For the exercise, see below.
Henrietta stood nervously on the railway platform watching the passengers disembark. She could smell the grime down between tracks, the grease built up in the undercarriage, the stale odor of the passengers as their sweat and breath mingled with their alcohol, their cheese sandwiches, their dry newsprint, all of it recycled through the train’s air system and exhaled into the station as soon as the doors opened, the gasp of a railway car desperate for new–if not fresh–air. There had been a time when Henrietta wanted to gasp herself, to expunge the odors and then never breathe again, but she’d grown used to it now, had accepted her role in things: to sense, to feel and smell and taste the world around her as no one else could.
And then the passengers touched her.
She had sipped a drink that morning, just an ounce but it was enough to deaden things, yet here it came just the same, the electric jolt through her nerves, the synapses overheating, a fog of unprocessable sensation in her brain, all these human beings, all these lives and emotions and energy washing over her, slipping into her, filling the subatomic gaps between each cell in her body, swelling her beyond herself. She always thought of her childhood in these moments, of the toys she would buy for a quarter from the machines in the grocery store, the little plastic capsules rattling with tiny dinosaurs, lizards, trolls, which she would take home and drop in a bowl of water and watch expand, soak up the water and triple, quintuple in size. Once, she had tied a string in coils around a tiny alligator then dropped it in the bathroom sink. When it expanded it did so in grotesque rings, swollen bulges through the string until it looked segmented, more a worm than an alligator. One leg had popped free but the rest were tied tight against its body and it looked tortured with that one free limb growing out from its rippled bands of green foam flesh. Then something skittered loose in the water, slipped away and swelled on its own–the string had cut through one clawed foot. The tip of the tail followed, shooting away like a life raft, and then the nose. It happened like that, segment after segment cutting loose and drifting in the sink, a disembodied nightmare of an alligator.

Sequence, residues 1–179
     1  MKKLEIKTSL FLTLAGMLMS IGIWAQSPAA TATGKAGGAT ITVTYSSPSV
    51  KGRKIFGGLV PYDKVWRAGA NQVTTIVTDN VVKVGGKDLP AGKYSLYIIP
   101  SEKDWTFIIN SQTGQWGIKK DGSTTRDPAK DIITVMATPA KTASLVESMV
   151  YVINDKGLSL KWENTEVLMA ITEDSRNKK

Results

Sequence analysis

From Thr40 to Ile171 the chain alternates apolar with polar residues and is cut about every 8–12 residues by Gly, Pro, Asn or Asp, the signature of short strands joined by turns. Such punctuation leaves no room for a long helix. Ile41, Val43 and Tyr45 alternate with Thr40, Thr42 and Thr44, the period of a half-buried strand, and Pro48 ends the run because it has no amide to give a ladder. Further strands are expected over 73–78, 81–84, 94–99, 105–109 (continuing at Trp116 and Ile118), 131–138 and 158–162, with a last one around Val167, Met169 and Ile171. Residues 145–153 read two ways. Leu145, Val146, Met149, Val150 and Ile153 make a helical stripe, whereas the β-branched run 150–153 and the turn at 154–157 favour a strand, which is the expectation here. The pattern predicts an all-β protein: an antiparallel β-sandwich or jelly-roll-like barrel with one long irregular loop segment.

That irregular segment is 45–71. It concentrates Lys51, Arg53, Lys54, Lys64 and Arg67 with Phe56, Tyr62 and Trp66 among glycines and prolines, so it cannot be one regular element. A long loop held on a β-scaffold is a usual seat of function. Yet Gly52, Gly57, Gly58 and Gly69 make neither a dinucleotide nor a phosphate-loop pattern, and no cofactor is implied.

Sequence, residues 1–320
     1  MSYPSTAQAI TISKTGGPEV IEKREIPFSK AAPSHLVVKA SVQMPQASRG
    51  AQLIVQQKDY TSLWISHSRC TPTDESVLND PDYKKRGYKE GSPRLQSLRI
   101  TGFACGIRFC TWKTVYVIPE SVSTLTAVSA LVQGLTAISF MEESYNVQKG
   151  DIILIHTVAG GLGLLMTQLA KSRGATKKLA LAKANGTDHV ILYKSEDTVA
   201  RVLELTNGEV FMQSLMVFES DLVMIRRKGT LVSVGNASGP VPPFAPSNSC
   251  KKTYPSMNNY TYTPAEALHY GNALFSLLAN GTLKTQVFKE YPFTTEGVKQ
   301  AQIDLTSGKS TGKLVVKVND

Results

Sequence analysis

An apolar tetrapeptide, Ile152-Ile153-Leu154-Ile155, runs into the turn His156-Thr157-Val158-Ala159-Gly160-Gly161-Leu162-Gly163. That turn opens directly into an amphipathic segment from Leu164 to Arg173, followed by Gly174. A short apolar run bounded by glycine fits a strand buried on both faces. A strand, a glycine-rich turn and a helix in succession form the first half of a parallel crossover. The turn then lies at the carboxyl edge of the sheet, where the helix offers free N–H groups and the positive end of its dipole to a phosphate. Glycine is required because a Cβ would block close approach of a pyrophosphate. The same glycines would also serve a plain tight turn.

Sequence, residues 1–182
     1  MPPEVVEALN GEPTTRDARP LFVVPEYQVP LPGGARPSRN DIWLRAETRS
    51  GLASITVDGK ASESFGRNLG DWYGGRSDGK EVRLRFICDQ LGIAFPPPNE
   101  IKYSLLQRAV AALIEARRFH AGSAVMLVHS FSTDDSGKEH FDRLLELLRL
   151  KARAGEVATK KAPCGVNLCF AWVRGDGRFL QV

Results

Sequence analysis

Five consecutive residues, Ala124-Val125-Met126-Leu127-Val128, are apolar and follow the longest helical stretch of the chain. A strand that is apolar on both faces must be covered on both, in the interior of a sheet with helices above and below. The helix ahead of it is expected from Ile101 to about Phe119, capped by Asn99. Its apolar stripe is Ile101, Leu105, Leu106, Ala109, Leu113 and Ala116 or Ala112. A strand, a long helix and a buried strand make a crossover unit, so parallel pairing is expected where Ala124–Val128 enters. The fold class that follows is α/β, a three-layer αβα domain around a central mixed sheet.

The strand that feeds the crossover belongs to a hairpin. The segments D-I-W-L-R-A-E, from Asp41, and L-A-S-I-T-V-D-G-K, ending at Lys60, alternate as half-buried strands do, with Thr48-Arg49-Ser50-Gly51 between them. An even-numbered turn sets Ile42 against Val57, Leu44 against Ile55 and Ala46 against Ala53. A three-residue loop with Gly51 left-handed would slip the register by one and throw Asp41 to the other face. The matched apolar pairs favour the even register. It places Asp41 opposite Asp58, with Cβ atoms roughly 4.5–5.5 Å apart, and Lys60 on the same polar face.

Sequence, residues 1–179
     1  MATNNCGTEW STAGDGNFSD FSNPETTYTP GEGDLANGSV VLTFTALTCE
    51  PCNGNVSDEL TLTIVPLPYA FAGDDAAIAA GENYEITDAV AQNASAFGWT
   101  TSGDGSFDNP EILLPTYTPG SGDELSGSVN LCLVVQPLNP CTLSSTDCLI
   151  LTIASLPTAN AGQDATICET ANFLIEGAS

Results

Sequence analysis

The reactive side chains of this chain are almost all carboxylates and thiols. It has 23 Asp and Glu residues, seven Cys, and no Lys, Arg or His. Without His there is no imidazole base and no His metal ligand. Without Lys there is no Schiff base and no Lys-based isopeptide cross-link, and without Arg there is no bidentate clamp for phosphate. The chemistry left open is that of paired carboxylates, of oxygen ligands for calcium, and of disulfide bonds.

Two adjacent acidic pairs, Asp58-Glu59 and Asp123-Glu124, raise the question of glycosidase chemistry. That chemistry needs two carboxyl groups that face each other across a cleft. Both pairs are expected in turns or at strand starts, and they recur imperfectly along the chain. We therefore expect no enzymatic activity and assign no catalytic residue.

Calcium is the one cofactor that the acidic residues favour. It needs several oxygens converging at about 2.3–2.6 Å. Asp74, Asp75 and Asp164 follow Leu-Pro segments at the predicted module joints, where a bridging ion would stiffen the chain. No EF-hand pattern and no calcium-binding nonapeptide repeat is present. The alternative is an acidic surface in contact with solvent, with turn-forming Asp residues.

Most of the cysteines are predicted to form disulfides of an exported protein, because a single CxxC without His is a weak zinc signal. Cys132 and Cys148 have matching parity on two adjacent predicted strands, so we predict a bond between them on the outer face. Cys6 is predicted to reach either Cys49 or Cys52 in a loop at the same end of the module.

When Henrietta had discovered her gift, her curse, in adolescence, she swore never to wear tight clothing again, not snug jeans or bracelets or strappy shoes, never even wore a bra. Filled with the sensations of others and the memory of that alligator in the sink, she was terrified.
When the announcer blasted over the speakers to call the train’s departure, she flinched, and she whimpered, but she was getting used to this by now. She opened her eyes and scanned the bright windows of the train. It was full, as before. She could not risk the enclosure, the long-term proximity to all those people, and so she waited, again, for the next train, and the next, until at last she could find a car with only a few people, where she could ride without the urge to scream.
This is a first-line exercise, in which you take a sentence–usually at random–and use it as the beginning of a piece of writing. Usually, you should freewrite from the first line, scribbling down whatever comes to mind, a kind of free-association game. It can be timed, or you can simply write until you’ve exhausted your ideas (at which point, in some exercises, you can reach for a new sentence and keep working). For the record, I wrote until I’d run out of ideas, and except for the usual spell-check at the end of things, I did indeed freewrite–this is unrevised. I know the rules.
And if anyone’s curious about the utility of this particular piece of writing: I might adapt this as a scene in a vampire novel I’ve had ideas about for years now. But it doesn’t have to have wind up in a story to be useful. I enjoyed the description, especially the challenge of starting with a train–I’ve ridden my share of subways and metros, but I’m not well versed in proper train stations. So it was nice to give that a shot today.